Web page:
One of Winter's goals for the next few years is to develop a digital assistant with his team; an assistant that makes the everyday lives of plant operators simpler, by providing expert advice that even non-experts can understand and follow. There are many contexts in which such an assistant could prove useful. "Let me give you one example," Winter says. "If you work in maintenance, you are confronted with a large number of error messages and alarms every day, but they are not sorted by relevance. So which ones refer to issues that could actually develop into something dangerous? And what needs to be done to remedy the situation?" Questions like these, Winter says, could be answered by a digital assistant. But first, vast amounts of data have to be examined: the alarms themselves, the underlying data, and the actions that were taken to get the plant back into its proper state. Much of this data is available only in unstructured form. "If you've ever compared maintenance reports, even from the same plant, you'll know just how unstructured data can get," Winter says. "And yet, there is so much experience—so much expert knowledge—in these reports, just waiting to be put to use."
PIECES OF A PUZZLE
What Hofstätter and Winter have in common is their passion for knowledge, and for making this knowledge available in new and innovative forms to those who need it. Knowledge management is often interdisciplinary and involves techniques or technologies that were previously used in other contexts. "Different ways of thinking are like pieces of a puzzle: you will only see the big picture if you bring them all together. Then they have their largest impact," says Hofstätter.
In English, there is a distinction between "digitization" and "digitalization" that is not reflected in some other languages. What makes things even trickier is that certain attempts to define the two terms have failed to produce clarity; rather, they have promoted ambiguity. However, with the Fourth Industrial Revolution gathering pace, the Metals Magazine team believes it is important to differentiate between these terms; this is how we have decided to use them. Digitization needs to be discussed first, as it technically and logically precedes digitalization. According to Gartner, "digitization is the process of changing from analog to digital form." One example would be scanning a book with character recognition—essentially transforming analog information into digital data. Digitalization, however, involves making entire procedures take place in the digital realm. You therefore could not "digitize" a factory with everything that goes on in it; you can only "digitalize" it. And if, for instance, a steel producer were to introduce robots to handle tasks that were previously executed by highly skilled operators, this would be a question of digitalization.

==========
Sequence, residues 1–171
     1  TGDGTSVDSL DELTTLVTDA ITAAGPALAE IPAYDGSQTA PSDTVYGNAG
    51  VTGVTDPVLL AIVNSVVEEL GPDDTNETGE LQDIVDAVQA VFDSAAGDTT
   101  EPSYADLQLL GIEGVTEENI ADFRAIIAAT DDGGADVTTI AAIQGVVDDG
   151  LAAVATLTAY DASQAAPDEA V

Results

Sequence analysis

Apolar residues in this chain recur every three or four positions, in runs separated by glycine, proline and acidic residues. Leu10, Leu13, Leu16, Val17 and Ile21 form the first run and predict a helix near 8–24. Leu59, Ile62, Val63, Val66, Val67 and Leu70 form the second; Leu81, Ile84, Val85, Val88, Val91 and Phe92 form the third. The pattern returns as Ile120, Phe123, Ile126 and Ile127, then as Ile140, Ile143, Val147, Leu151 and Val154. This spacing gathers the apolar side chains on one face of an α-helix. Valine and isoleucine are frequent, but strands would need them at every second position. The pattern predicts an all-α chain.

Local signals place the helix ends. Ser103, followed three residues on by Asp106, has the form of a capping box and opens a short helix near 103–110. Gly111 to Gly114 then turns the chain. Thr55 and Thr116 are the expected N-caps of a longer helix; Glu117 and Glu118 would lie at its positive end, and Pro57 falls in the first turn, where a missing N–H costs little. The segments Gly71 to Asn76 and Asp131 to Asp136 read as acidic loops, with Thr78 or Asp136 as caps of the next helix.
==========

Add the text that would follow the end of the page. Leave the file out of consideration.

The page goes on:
Through-Process Optimization (TPO) was developed to comprehensively digitalize the knowledge of plant operators—and to augment it with the expertise of Primetals Technologies' own specialists. TPO effectively serves as a holistic knowledge-management solution, taking the expertise of a steel plant's current operators and transforming it into a "rule-based system" that safeguards production. Many steel producers are facing the challenge of experienced operators nearing their pension age—and of the knowledge drain caused by their departure. TPO takes care of this problem by combining plant data with various kinds of application knowledge, for instance, with operational, metallurgical, quality-assurance, and production-process related know-how. In doing so, TPO increases plant efficiency and optimizes end-product quality.